When British rockers UFO launched No Heavy Petting, in May 1976, their career was at last beginning to soar. But rather than pulling out all the stops in an effort to capitalize on this ascent, the band seemed instead to be coasting just a bit on this, their fifth studio album. But then, who could blame them for pausing to take one quick breath?

After all, following years of uncertainty and rather abject commercial failures, in which their early space rock albums had found precious few takers outside of Japan, UFO had impressively regrouped around the otherworldly talents of teenage German guitar god Michael Schenker, and turned their fortunes around with 1974’s Phenomenon and ‘75’s Force It.

Now they were understandably cautious about maintaining this successful status quo. So they reconvened at London’s Morgan Studios with returning producer Leo Lyons and efficiently worked up another batch of tight hard rockers ignited by incendiary Schenker solos (“Natural Thing,” “Reasons Love”), that must-have ballad (the sulky but effective “Belladonna”) and an equally mandatory reference to those abandoned space rock days (“Martian Landscape”), even if this was carried out in name only.

Even the album’s eventual cover art stuck to what had already worked – namely a typically strange image, once again crafted by those masters of abstract album covers, Hipgnosis, that showed a young lady and her pet monkey and was vaguely relevant to the No Heavy Petting title.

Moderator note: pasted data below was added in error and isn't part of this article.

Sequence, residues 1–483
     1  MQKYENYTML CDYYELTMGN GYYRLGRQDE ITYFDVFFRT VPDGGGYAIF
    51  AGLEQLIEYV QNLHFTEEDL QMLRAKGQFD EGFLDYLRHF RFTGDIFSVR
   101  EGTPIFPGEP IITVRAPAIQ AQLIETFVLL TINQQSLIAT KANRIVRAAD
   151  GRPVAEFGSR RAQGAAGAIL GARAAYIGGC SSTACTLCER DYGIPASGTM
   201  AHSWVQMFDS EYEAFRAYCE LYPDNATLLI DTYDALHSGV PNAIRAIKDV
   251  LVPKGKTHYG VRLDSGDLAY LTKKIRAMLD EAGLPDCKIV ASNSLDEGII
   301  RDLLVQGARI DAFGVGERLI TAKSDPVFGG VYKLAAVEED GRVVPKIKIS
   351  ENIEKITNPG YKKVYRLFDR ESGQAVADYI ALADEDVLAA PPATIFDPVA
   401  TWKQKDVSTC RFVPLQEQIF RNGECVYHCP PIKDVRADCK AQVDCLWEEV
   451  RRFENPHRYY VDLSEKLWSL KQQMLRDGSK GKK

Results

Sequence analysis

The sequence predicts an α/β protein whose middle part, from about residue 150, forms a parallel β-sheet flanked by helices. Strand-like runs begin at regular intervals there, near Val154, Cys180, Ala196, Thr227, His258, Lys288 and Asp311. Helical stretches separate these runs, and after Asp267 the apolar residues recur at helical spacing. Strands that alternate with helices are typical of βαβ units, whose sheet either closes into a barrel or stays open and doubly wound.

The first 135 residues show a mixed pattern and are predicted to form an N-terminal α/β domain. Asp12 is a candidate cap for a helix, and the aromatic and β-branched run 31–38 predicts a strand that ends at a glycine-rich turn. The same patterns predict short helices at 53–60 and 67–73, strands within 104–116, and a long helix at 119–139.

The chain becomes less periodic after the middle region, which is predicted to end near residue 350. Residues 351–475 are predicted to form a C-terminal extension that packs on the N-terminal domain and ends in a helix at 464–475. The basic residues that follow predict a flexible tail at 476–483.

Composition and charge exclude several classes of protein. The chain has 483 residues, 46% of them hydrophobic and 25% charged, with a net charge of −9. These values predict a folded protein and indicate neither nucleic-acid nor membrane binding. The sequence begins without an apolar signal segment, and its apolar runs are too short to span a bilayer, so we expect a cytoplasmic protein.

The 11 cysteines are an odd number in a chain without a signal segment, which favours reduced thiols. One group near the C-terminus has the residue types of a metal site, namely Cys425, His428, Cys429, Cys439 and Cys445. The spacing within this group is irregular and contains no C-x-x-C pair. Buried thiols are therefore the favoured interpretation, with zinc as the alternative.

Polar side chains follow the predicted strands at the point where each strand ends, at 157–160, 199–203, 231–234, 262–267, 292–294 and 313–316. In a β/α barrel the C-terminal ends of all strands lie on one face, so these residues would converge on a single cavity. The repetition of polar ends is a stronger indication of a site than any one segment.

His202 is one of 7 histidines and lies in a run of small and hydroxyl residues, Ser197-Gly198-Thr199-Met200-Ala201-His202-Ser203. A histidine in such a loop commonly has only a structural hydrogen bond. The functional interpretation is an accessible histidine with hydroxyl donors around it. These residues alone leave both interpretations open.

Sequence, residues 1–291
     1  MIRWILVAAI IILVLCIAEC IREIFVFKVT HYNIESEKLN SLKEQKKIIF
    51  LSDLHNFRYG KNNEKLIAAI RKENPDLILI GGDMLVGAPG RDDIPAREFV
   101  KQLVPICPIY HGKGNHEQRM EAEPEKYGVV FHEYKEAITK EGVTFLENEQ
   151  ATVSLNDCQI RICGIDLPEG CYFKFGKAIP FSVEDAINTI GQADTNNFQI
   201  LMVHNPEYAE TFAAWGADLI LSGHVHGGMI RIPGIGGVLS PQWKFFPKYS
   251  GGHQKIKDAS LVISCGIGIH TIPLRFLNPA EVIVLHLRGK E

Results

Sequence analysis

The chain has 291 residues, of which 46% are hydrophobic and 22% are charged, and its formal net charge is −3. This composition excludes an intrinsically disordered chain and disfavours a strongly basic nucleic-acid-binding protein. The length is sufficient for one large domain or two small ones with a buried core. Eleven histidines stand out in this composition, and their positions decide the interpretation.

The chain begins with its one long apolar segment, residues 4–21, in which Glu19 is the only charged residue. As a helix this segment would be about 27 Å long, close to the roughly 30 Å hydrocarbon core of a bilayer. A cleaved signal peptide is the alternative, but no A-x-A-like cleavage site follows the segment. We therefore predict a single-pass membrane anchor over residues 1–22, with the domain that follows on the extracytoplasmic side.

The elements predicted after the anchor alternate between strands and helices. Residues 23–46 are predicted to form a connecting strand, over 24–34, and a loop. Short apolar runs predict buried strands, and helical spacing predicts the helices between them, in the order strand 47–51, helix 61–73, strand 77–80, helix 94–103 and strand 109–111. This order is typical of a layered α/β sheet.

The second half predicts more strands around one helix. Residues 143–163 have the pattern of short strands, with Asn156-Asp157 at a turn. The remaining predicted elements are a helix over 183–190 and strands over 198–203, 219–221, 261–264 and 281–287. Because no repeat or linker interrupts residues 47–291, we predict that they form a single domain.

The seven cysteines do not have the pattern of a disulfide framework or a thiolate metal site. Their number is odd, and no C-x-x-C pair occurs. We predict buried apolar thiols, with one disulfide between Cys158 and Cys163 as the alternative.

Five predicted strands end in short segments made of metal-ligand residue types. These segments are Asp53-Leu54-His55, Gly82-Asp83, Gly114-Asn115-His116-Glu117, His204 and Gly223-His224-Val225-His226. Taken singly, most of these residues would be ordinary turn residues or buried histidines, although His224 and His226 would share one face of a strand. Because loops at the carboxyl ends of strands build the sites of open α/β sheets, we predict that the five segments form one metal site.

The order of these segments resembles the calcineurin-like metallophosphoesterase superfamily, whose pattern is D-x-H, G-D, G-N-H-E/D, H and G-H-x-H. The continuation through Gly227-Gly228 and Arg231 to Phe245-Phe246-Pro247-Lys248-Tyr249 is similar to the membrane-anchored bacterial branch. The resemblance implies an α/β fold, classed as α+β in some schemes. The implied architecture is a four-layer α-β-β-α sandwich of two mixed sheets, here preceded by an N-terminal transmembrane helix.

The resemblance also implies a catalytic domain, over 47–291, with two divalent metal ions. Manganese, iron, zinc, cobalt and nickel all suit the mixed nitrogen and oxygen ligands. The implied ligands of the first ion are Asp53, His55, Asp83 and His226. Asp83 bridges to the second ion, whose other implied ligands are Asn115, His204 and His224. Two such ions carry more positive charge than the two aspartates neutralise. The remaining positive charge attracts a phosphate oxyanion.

In fact, maybe the biggest novelty at hand was the installment of keyboard player Danny Peyronel (formerly of the Heavy Metal Kids), whose talents made an immediate impact via the flourishes heard on album highlight “I’m a Loser,” the high-velocity, Deep Purple-inspired attack on “Can You Roll Her,” and the boogie-woogie-piano driven “Highway Lady,” a song for which Peyronel received full songwriting credit.

Beyond these tracks, all that was left was a pair of relative filler tracks, the first being bassist Pete Way’s nearly comatose plod-fest, “On With the Action” and the second a throwaway cover of Frankie Miller’s “A Fool in Love” that suggested everyone involved had an urgent appointment at the local pub.

Tellingly, though it gave UFO plenty of ammunition to keep on building their fan base on tour, No Heavy Petting failed to match its predecessor’s sales and only barely scraped into U.S. Top 200, peaking at No. 167.

But, on the upside, this minor stumble also served as a wake up call because when the band next visited a studio in 1977, they came away armed with perhaps their greatest non-concert recording, Lights Out.

See UFO’s ‘Force It’ and Other Nude Album Covers

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